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Bristol for Politics and French

Hi. I got accepted to study Politics and French but want to find out what is the language department like. Anyone studying this particular course? What is your opinion? How many contact hours do you get?
Reply 1
Original post by jolark13
Hi. I got accepted to study Politics and French but want to find out what is the language department like. Anyone studying this particular course? What is your opinion? How many contact hours do you get?

Hi, and congrats! Yes, I'm in my final year studying Politics and French at Bristol. You'll find that not a lot of people study this exact course (I know of maybe six others doing it?) so I'm quite surprised that I saw this thread :smile:

The contact hours are quite low - I can't remember how many I had in first year, but I had about eight in second year and maximum eleven this year. You're expected to be quite independent as is typical at university level, and despite the low contact hours you will still be busy as there is a lot of reading and French language preparation to do. I'd say the workload is manageable and I've rarely felt overwhelmed with too many deadlines at once, but it's still a challenging course and it's not easy to get a first. I've been happy with the majority of my lecturers though and the modules are very interesting. There is quite a lot of choice in terms of optional modules, particularly in Politics (including lots of IR-related modules). And Politics and French students can also choose not to do a dissertation which is a bonus.

In terms of the two departments, I'd say they are both very high quality apart from a few exceptions. The languages department is a bit more controversial. There was a bit of a furore over the marking standards of French translations recently and there is a feeling among a lot of us that it depends what professor you get as to whether you will do well in assignments. I don't have many friends who study Politics so I'm not sure what the general feeling is, but I have been happy with that side of the course overall. All of my friends study French and I've found that it's a much more close-knit cohort than Politics, especially since you have the shared year abroad experience.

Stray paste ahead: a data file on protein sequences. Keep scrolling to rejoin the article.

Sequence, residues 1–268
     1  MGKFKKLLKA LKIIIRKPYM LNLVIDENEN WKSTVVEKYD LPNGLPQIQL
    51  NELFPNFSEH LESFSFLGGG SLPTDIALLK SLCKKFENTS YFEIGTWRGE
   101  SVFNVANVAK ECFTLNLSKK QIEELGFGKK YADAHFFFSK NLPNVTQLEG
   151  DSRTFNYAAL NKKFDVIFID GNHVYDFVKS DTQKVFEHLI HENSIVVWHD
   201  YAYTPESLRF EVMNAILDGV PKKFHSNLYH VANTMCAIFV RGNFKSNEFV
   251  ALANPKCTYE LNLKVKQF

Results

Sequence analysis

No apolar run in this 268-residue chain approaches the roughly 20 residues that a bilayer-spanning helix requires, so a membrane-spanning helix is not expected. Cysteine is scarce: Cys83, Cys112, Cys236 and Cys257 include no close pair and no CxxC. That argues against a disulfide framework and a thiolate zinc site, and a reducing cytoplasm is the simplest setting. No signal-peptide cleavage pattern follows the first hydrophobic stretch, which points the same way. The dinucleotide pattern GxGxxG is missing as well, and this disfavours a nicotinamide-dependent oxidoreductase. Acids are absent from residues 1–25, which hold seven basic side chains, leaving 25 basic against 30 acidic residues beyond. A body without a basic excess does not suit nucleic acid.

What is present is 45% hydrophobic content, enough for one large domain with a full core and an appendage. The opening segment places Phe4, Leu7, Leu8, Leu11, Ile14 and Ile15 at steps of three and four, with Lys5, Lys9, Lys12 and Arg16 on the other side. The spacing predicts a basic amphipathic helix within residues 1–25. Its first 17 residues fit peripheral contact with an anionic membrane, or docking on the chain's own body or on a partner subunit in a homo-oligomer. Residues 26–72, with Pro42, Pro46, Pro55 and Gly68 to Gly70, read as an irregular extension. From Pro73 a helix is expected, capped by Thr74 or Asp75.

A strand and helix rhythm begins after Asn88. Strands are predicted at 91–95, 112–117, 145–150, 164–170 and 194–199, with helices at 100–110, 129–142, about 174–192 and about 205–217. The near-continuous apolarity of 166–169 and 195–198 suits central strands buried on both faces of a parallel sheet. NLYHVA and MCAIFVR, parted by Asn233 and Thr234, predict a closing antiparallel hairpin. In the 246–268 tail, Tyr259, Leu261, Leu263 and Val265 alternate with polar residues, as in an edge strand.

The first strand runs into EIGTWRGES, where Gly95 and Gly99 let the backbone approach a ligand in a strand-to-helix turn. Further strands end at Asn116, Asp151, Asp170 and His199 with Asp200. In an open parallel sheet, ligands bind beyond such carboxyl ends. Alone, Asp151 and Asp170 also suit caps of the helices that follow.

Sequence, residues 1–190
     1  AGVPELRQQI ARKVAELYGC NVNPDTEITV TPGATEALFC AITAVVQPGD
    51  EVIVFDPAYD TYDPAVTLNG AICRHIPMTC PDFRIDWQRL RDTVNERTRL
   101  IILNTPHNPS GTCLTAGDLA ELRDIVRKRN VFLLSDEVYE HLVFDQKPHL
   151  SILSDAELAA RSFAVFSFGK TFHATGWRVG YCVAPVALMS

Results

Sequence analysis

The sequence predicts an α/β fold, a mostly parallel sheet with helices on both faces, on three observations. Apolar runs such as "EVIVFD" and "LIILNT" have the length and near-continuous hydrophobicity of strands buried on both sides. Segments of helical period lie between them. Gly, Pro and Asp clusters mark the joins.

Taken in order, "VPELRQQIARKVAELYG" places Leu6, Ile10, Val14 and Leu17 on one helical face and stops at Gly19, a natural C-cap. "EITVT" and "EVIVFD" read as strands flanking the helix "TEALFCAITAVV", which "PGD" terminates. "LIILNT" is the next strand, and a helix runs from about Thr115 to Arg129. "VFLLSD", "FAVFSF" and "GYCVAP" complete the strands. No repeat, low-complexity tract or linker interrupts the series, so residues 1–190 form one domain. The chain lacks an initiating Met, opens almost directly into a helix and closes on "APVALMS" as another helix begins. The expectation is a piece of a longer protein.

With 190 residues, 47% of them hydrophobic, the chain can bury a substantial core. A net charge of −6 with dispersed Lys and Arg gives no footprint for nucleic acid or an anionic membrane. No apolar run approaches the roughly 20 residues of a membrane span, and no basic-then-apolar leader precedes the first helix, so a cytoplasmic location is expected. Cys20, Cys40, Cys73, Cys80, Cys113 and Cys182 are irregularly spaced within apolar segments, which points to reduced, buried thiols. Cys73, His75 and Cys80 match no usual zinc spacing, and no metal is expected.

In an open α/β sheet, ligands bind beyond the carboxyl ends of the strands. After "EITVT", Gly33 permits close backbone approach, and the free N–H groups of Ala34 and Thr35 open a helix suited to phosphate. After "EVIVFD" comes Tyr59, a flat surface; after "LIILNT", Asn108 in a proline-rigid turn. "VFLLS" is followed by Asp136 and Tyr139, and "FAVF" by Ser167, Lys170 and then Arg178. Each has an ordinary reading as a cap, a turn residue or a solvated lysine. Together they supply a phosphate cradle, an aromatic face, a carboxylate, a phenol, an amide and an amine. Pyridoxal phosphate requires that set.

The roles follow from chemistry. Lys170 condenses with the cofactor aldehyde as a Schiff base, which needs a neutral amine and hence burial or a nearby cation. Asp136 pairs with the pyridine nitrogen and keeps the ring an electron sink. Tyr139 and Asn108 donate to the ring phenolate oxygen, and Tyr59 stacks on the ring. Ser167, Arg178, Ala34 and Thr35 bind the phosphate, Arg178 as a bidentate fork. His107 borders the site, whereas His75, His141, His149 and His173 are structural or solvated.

Overall I've really enjoyed the course and I have no regrets. I'd say the best aspect is the year abroad in third year - you have the choice to study in France, Switzerland, Canada or francophone Africa and/or do a work placement in any francophone country. I studied and worked in Paris in the end and absolutely loved it. Your French will also improve beyond your expectations.

I'd say most of my complaints about Bristol concern the university/city itself, the course was pretty much the best part.

Please feel free to DM me or ask any other questions, I'm a bit busy with final coursework right now but I'd be happy to help.
(edited 1 month ago)
Reply 2
Original post by MJ1148
Hi, and congrats! Yes, I'm in my final year studying Politics and French at Bristol. You'll find that not a lot of people study this exact course (I know of maybe six others doing it?) so I'm quite surprised that I saw this thread :smile:
The contact hours are quite low - I can't remember how many I had in first year, but I had about eight in second year and maximum eleven this year. You're expected to be quite independent as is typical at university level, and despite the low contact hours you will still be busy as there is a lot of reading and French language preparation to do. I'd say the workload is manageable and I've rarely felt overwhelmed with too many deadlines at once, but it's still a challenging course and it's not easy to get a first. I've been happy with the majority of my lecturers though and the modules are very interesting. There is quite a lot of choice in terms of optional modules, particularly in Politics (including lots of IR-related modules). And Politics and French students can also choose not to do a dissertation which is a bonus.